For Vermont and New Hampshire, try Interstate 91 north from Interstate 84 in Hartford. Readers advise avoiding Hartford during rush hours.

This route may be longer, but it is cheaper and more scenic and avoids New York City. Let me know how it works.

HOV on Camera

Dear Dr. Gridlock:

Bob Stelmaszek wrote about the "sheer lunacy" of some frustrated commuters and suggested it is caused by drivers who drive too slowly and camp in the left lane [Dr. Gridlock, May 19].

I, too, am a solo commuter from the Annapolis area. With the standard speed on Route 50 now at 80 mph, I wonder how much faster Mr. Stelmaszek would like to go. Is he one of the many drivers who are passing in the right lanes at 90 mph?

Also, with all three regular lanes loaded with cars moving between 70 mph and 80 mph, it isn't likely that people are going to move out of the left lane into the center or right lane. There is no room for them there.

Roads such as Route 50 are local streets that carry auto loads beyond their designed capacity. They are not interstate highways or German autobahns, and the idea that the left lane can be left empty except for speeding passers is unrealistic.

Mr. Stelmaszek is correct in his comments about the left HOV lane. It is probably the most underused lane in the Washington metropolitan area. A high percentage of those using it are solo drivers, but traffic does move better on Route 50 since that lane was opened. It would create major traffic jams if police were stopping and pulling over the scofflaws who choose to use it.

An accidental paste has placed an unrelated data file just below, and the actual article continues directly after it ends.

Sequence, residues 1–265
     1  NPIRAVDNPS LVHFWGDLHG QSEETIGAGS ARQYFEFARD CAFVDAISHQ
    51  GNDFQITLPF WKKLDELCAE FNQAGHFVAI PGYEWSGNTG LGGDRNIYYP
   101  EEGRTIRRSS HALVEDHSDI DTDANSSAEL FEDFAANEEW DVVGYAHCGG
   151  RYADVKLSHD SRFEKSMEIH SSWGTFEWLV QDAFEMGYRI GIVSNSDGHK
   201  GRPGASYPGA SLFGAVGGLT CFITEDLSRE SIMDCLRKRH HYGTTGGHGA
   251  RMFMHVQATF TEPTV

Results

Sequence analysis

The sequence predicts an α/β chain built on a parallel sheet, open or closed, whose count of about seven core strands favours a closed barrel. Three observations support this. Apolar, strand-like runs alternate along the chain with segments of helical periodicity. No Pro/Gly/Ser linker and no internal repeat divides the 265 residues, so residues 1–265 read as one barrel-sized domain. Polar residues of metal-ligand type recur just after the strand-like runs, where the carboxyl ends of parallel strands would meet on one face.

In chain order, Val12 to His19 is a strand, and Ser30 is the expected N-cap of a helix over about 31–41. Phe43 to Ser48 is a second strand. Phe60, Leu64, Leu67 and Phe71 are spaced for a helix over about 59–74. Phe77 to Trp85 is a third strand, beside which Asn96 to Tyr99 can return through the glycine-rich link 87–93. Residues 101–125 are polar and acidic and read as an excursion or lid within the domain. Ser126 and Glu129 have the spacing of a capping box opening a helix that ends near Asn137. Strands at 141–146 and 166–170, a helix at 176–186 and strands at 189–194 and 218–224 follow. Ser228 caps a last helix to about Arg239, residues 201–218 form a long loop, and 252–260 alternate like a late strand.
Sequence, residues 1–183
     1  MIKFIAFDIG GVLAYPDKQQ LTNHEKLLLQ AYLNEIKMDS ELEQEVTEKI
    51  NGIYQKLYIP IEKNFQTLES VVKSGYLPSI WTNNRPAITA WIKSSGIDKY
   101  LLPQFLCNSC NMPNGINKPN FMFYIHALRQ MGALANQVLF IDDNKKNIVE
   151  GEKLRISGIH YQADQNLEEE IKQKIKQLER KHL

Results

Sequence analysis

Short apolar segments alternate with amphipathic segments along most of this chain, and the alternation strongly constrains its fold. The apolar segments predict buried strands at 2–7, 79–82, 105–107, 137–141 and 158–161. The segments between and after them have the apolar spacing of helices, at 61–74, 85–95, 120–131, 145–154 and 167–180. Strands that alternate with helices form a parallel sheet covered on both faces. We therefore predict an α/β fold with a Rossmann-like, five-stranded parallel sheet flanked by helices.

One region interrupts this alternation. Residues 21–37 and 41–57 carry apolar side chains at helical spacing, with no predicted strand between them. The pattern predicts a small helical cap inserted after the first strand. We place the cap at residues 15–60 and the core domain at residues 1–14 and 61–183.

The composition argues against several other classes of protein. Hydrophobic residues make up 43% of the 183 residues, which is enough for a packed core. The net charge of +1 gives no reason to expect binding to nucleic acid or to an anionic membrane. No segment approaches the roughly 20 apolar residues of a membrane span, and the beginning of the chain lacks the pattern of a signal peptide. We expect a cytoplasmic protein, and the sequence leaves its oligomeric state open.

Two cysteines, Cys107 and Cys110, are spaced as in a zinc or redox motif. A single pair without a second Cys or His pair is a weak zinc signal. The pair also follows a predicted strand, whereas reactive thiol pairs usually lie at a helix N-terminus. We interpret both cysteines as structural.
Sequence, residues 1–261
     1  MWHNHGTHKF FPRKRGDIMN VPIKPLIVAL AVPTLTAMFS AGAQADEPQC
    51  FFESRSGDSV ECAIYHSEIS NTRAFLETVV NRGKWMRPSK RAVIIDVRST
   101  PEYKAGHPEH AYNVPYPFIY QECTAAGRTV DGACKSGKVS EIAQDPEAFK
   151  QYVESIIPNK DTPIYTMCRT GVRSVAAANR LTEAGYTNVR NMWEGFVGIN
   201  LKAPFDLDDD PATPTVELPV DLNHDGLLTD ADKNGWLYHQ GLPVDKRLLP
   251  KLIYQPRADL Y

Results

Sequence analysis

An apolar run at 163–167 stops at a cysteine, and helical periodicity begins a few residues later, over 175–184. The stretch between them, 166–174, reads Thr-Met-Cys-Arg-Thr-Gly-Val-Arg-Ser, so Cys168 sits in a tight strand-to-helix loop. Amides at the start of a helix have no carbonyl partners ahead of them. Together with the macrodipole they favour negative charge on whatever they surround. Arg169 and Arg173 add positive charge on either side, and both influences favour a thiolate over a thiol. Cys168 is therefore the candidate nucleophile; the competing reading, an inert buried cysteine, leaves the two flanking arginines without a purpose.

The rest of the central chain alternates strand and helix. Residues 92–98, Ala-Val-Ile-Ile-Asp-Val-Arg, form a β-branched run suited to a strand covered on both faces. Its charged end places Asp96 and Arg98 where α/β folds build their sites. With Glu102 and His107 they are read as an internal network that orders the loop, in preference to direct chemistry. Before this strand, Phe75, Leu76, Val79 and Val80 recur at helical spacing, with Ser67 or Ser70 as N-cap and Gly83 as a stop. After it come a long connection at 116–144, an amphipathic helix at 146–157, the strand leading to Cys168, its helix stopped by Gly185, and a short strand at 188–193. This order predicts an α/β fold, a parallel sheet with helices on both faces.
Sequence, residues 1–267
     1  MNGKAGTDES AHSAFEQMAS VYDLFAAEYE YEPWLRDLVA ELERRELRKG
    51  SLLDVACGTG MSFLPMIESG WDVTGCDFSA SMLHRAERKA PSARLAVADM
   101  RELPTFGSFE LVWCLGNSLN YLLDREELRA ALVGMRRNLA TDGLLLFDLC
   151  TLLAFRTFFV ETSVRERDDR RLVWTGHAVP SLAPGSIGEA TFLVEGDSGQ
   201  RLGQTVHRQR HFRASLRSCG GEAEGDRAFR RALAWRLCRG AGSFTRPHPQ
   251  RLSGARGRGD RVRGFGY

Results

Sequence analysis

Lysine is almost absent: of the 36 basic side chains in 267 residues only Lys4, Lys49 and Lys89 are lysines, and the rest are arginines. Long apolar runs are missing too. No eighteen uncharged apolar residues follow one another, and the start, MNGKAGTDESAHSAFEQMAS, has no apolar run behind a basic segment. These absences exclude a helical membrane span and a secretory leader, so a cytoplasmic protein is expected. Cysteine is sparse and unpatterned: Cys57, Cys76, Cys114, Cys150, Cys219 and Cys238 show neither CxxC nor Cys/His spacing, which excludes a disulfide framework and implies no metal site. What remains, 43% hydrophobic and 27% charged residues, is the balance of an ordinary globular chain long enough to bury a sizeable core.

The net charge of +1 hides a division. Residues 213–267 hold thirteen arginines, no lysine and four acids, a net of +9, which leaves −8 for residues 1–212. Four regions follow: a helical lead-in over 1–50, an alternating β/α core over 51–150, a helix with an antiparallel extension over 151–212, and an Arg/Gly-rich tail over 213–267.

Enforcement of the HOV law in that lane should be by either cameras or unmarked cars with cameras so that illegal users do not have to be stopped. Semi-opaque windows that cameras cannot see through should be illegal.

Jim McLaughlin


School Bus Scofflaws

Dear Dr. Gridlock:

What has happened to drivers in Maryland when it comes to the laws regarding school buses? On my way home today, I saw a bus stopped on Route 355. The left and right lanes of traffic had stopped, but three cars in the center lane just kept driving through.

Later, when turning into my own neighborhood, I stopped for a school bus with its red lights flashing. A young female driver, talking away on her cell phone, came flying up behind me, slammed on her brakes to avoid rear-ending me and then had the nerve to beep her horn at me for not moving!

Not only is it illegal to not stop for a school bus, but the ramifications of not stopping do not bear thinking about. Two seconds after the driver behind beeped at me, a small girl walked across the street in front of the bus.

Would it be possible for the police to crack down on school bus runners to see if it helps to remind people of the law?

Ann Cornejo


I hope police have this traffic violation at the top of their list. Stopping for a school bus with its red lights flashing should be automatic. I can say that in 33 years of driving in this area, I've never seen anyone blow by a bus. I hope what you're reporting is not becoming a trend.

Transportation researcher Diane Mattingly contributed to this column.

You can write to Dr. Gridlock at 1150 15th St. NW, Washington, D.C. 20071. He prefers e-mails at or faxes at 703-352-3908. Include your full name, town, county and day and evening telephone numbers. Dr. Gridlock cannot take phone calls.